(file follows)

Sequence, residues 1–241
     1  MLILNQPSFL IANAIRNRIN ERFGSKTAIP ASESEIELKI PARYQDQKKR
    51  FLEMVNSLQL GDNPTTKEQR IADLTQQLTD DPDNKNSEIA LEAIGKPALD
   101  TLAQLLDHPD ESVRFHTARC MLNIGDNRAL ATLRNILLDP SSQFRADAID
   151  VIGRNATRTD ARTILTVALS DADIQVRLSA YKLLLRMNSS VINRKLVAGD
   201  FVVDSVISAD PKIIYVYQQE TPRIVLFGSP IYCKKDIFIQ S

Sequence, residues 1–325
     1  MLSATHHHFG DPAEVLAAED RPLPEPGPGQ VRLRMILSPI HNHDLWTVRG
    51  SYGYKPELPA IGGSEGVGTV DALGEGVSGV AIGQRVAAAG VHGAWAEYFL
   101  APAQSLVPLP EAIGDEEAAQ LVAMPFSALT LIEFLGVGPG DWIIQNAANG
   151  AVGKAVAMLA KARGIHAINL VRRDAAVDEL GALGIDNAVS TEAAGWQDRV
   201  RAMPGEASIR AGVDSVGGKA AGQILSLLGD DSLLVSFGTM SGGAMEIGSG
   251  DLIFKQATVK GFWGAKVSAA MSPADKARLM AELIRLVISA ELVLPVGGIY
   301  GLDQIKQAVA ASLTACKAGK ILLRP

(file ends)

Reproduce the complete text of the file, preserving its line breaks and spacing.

Sequence, residues 1–241
     1  MLILNQPSFL IANAIRNRIN ERFGSKTAIP ASESEIELKI PARYQDQKKR
    51  FLEMVNSLQL GDNPTTKEQR IADLTQQLTD DPDNKNSEIA LEAIGKPALD
   101  TLAQLLDHPD ESVRFHTARC MLNIGDNRAL ATLRNILLDP SSQFRADAID
   151  VIGRNATRTD ARTILTVALS DADIQVRLSA YKLLLRMNSS VINRKLVAGD
   201  FVVDSVISAD PKIIYVYQQE TPRIVLFGSP IYCKKDIFIQ S

Sequence, residues 1–325
     1  MLSATHHHFG DPAEVLAAED RPLPEPGPGQ VRLRMILSPI HNHDLWTVRG
    51  SYGYKPELPA IGGSEGVGTV DALGEGVSGV AIGQRVAAAG VHGAWAEYFL
   101  APAQSLVPLP EAIGDEEAAQ LVAMPFSALT LIEFLGVGPG DWIIQNAANG
   151  AVGKAVAMLA KARGIHAINL VRRDAAVDEL GALGIDNAVS TEAAGWQDRV
   201  RAMPGEASIR AGVDSVGGKA AGQILSLLGD DSLLVSFGTM SGGAMEIGSG
   251  DLIFKQATVK GFWGAKVSAA MSPADKARLM AELIRLVISA ELVLPVGGIY
   301  GLDQIKQAVA ASLTACKAGK ILLRP